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    Keeping in view the ever-growing trade deficit, andtremendous issues likequantitative restrictionson some items, state taxand other non-tariff barri-ers and other technicalbarriers which are againstthe spirit of Nepal-IndiaTrade Treaty 1996 beingfaced by small producersand farmers, President ofMorang Merchant Asso-ciation Pawan Shardasuggested for the concept of export house in the forthcomingrenewal of Nepal-India Trade Treaty as there is such ar-rangement in other countries, saying it would greatly helpreduce the trade deficit of Nepal with India. He also re-minded the problem of quarantine at border and suggestedto have quarantine check post at the border of both thecountries with due recognition by the both sides.Keeping in view the repetition of the issues, Moderator of

    the session RB Rauniar informed the meeting that for theIGC meeting which going to held very soon, the FNCCI, CNI,NCC and NICCI had formed a Joint Working Group and hadprepared the issues on priority basis and already submittedto the Commerce Minister and Secretary at Ministry of Com-merce including the issues like Service Tax and CESS im-posed on the goods and service exported from India to Ne-pal, like wise to bring the goods from railway up to railwayhead, expand the scope of Kolkata Consulate etc.Representing from GarmentAssociation Mr. RajeshLamichhane raised the issuesrelated to various tariff barri-ers like 2% excise duty forreadymade garments made upof MRP above IRs 2000 and nor12 percent CVD now calculatedon 60% of MRP instead of 30%,which have been seriously af-fecting readymade garmentexports to India.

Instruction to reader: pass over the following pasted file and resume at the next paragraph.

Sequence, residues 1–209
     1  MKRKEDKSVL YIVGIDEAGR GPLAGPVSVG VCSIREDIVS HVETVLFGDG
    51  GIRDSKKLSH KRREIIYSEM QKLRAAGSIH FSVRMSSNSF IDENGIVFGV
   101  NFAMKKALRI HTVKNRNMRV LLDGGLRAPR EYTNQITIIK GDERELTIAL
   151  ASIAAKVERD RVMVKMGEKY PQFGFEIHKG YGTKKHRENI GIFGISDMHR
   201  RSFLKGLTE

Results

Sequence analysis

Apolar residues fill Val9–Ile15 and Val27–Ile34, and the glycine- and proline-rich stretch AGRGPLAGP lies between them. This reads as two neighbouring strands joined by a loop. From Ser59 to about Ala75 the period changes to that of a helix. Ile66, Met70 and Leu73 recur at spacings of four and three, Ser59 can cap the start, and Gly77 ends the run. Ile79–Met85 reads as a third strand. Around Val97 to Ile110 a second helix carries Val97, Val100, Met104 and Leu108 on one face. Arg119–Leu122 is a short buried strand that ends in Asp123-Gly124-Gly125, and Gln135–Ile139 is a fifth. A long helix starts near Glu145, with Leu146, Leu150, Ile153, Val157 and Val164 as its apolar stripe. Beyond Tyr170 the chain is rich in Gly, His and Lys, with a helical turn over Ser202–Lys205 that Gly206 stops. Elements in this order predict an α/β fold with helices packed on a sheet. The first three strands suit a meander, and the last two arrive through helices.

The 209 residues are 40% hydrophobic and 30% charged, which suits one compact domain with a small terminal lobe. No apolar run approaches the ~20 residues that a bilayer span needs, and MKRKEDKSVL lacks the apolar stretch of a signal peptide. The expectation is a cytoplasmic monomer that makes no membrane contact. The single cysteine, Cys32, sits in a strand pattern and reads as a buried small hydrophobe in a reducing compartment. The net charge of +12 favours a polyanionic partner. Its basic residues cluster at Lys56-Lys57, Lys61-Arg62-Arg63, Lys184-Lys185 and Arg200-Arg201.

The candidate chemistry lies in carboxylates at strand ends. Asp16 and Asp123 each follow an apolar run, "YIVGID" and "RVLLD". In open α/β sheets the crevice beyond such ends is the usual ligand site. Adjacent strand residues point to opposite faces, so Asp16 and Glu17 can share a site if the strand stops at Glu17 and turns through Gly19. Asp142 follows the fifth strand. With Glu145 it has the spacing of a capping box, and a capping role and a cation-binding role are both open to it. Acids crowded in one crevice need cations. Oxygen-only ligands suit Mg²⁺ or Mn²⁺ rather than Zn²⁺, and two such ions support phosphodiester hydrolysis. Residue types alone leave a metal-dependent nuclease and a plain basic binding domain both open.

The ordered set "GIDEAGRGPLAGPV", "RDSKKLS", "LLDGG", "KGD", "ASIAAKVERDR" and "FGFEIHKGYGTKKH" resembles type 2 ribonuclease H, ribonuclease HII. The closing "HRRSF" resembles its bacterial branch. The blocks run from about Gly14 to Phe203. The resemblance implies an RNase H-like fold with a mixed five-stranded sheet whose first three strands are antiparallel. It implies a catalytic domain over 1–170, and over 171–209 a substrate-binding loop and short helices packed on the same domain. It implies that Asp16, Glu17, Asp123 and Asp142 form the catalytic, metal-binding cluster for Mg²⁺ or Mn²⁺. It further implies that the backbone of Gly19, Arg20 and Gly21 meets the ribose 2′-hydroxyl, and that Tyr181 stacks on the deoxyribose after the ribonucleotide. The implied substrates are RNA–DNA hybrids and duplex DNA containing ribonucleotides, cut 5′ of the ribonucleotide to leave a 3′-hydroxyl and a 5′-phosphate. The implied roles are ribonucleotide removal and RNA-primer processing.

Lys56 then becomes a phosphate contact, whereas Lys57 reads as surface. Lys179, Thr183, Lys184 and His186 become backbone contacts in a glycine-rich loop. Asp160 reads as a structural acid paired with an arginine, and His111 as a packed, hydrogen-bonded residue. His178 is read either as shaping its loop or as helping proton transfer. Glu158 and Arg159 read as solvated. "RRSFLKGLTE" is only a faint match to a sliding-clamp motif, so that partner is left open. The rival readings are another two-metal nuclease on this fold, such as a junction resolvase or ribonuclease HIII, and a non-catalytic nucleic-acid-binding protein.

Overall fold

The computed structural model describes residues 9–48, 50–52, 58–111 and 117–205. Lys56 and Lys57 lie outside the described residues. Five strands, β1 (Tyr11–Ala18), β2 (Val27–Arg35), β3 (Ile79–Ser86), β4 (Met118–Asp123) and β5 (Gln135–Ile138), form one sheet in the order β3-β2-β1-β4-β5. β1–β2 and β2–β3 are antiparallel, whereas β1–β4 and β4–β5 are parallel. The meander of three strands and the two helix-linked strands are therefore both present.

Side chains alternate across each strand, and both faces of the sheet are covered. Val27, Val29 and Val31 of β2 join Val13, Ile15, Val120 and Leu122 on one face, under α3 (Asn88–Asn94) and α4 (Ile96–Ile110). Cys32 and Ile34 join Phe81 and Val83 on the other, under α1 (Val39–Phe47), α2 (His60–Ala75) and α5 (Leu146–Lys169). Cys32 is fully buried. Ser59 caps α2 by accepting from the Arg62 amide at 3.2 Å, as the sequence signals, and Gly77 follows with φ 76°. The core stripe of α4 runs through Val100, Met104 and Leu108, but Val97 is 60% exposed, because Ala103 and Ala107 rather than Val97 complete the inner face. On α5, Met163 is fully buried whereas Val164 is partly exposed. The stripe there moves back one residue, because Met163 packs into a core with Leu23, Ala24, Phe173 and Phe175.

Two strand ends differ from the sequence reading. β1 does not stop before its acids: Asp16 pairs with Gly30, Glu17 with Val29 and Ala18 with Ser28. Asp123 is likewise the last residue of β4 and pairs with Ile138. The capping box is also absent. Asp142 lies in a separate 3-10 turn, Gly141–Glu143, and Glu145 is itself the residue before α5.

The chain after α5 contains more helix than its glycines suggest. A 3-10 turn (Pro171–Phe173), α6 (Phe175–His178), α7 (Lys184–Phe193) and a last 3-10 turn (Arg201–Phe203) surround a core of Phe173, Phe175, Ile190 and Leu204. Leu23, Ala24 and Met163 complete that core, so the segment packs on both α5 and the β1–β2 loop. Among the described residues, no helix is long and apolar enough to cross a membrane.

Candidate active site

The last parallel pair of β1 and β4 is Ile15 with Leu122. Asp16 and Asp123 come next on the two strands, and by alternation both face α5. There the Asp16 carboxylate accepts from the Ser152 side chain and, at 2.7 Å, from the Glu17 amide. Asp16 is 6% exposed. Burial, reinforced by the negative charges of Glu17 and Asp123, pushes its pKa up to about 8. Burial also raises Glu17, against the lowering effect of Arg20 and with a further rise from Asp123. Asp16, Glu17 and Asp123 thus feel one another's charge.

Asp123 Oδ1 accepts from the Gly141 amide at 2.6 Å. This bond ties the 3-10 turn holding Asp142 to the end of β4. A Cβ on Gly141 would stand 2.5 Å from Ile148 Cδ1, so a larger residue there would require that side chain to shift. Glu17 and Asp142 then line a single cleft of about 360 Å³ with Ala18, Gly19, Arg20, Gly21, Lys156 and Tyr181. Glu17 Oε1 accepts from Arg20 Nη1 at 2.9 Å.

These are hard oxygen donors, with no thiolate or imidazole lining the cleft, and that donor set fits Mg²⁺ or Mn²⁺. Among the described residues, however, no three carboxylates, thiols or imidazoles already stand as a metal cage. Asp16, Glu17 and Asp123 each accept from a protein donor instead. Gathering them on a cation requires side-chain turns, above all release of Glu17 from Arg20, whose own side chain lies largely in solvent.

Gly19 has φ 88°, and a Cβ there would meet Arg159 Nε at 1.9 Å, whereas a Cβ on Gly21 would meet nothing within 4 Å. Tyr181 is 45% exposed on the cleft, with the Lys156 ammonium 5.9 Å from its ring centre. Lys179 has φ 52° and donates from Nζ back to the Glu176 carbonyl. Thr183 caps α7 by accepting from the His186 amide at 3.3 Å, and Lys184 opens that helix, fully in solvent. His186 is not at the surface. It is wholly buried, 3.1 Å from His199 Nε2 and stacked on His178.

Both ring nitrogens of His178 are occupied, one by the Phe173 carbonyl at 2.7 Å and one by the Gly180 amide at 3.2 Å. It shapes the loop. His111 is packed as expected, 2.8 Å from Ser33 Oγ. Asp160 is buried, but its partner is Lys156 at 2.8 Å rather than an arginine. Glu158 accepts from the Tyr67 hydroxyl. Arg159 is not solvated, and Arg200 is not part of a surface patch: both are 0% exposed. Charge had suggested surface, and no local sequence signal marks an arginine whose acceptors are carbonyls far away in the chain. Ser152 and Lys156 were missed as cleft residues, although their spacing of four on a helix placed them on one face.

Past President of Birgunj Chamber of Commerce & In-dustry Mr. Ashok Temani said Despite we are talking onIndo-Nepal Trade since last 2 decade in various forums, theproblems are still as it is, the agenda are the same today also.When we started talk on Nepal-India Trade the gap ratio ofexport and import was 1: 4 ratio, now it is 1:11. Rather thementality of the government has been changed that Nepal is

    a country of import baseeconomy. We had talkedabout Service Tax, 30percent of value addi-tion etc, and we aretalking about the sameissues today also. Wehad said at that timethat 30 percent valueaddition was not possi-ble as market is so vola-tile, but nobody cared atthat time. Now if wetalk about the import,now ARE-1 is there, re-garding incentives of Indian parties which to be received bythe Indian party on Indian Currency but they are not get-ting that on Indian currency but the ARE-1 norms is same.How we can lobby on those issues? If the Indian parties getincentives we could more competitive by 2 to 5 percent,those issues are still pending, these issues need to be re-solved in IGC meeting.Birgunj CCI Past President Temani further said Our biggestimport from India is Petroleum product, the most hazard-ous item, which also includes the problems of leakage, adul-teration, evaporation etc which ultimately add cost duringthe course of transportation of petroleum products fromBirgunj/Raxaul onwards. If we could develop a railway linkfrom Birgunj/Raxaul Custom to Amlekhgunj, the cost of thisproject estimated five years ago was 100 Crore. When wetalked with the Indian Railway and CONCOR regardingtransportation of petroleum products from Birgunj to Am-lekhgunj, they said they would not charge for extra 20/30KM; that means it comes up to Amlekhgunj without addi-tional cost, we could save 6-7 Rupees per liter. I dont knowwhether this issue can be discussed in IGC meeting or not.Likewise he also mentioned serious stories of issues thatare happening due to quarantine on fruits and agro productand urged If the environment in India and Nepal is same,people to people environment is same, culture is same, re-ligion is same, food is same, everything is same, then whatis the meaning of quarantine between Nepal and India andfrom where this quarantine came? We dont understandabout this so please clarify the things.Presenting next important issue on why Nepal has not beenable to promote her exports, Past President of Birgunj CCITemani said Next thing is related to CIF and FOB; we haveonly one ICD Dry port in Nepal which is linked with the In-dian railway network. Most Indian cargo and third country